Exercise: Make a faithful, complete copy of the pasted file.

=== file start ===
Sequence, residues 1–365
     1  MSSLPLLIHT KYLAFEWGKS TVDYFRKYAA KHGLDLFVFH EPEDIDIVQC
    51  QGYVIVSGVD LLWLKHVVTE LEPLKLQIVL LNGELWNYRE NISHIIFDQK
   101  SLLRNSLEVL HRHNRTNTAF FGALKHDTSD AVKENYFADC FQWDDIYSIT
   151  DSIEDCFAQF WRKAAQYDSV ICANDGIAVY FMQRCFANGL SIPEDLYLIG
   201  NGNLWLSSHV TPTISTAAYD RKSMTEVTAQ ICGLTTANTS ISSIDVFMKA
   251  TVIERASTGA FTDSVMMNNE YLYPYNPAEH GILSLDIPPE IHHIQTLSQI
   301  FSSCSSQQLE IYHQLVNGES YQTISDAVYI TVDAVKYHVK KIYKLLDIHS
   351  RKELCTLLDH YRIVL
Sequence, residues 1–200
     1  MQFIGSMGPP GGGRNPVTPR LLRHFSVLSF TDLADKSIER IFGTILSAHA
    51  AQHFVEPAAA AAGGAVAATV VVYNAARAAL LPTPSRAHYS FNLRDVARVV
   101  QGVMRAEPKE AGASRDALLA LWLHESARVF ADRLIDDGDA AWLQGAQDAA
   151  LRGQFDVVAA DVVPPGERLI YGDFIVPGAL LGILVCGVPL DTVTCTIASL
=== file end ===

Sequence, residues 1–365
     1  MSSLPLLIHT KYLAFEWGKS TVDYFRKYAA KHGLDLFVFH EPEDIDIVQC
    51  QGYVIVSGVD LLWLKHVVTE LEPLKLQIVL LNGELWNYRE NISHIIFDQK
   101  SLLRNSLEVL HRHNRTNTAF FGALKHDTSD AVKENYFADC FQWDDIYSIT
   151  DSIEDCFAQF WRKAAQYDSV ICANDGIAVY FMQRCFANGL SIPEDLYLIG
   201  NGNLWLSSHV TPTISTAAYD RKSMTEVTAQ ICGLTTANTS ISSIDVFMKA
   251  TVIERASTGA FTDSVMMNNE YLYPYNPAEH GILSLDIPPE IHHIQTLSQI
   301  FSSCSSQQLE IYHQLVNGES YQTISDAVYI TVDAVKYHVK KIYKLLDIHS
   351  RKELCTLLDH YRIVL
Sequence, residues 1–200
     1  MQFIGSMGPP GGGRNPVTPR LLRHFSVLSF TDLADKSIER IFGTILSAHA
    51  AQHFVEPAAA AAGGAVAATV VVYNAARAAL LPTPSRAHYS FNLRDVARVV
   101  QGVMRAEPKE AGASRDALLA LWLHESARVF ADRLIDDGDA AWLQGAQDAA
   151  LRGQFDVVAA DVVPPGERLI YGDFIVPGAL LGILVCGVPL DTVTCTIASL